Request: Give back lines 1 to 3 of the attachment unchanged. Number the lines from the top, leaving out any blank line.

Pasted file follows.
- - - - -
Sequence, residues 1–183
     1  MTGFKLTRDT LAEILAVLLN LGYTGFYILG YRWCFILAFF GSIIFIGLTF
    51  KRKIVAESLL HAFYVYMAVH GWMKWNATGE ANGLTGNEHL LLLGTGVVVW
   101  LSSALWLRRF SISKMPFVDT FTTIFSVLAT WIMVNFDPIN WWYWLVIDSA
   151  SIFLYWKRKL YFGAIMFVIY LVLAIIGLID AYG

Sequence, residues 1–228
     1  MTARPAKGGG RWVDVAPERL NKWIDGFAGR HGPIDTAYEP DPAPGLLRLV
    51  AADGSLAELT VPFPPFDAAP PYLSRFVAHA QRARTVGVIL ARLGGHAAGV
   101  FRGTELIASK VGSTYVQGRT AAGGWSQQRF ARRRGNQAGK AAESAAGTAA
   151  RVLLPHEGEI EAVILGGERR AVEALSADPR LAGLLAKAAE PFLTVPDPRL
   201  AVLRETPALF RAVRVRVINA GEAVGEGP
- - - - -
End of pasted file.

Sequence, residues 1–183
     1  MTGFKLTRDT LAEILAVLLN LGYTGFYILG YRWCFILAFF GSIIFIGLTF
    51  KRKIVAESLL HAFYVYMAVH GWMKWNATGE ANGLTGNEHL LLLGTGVVVW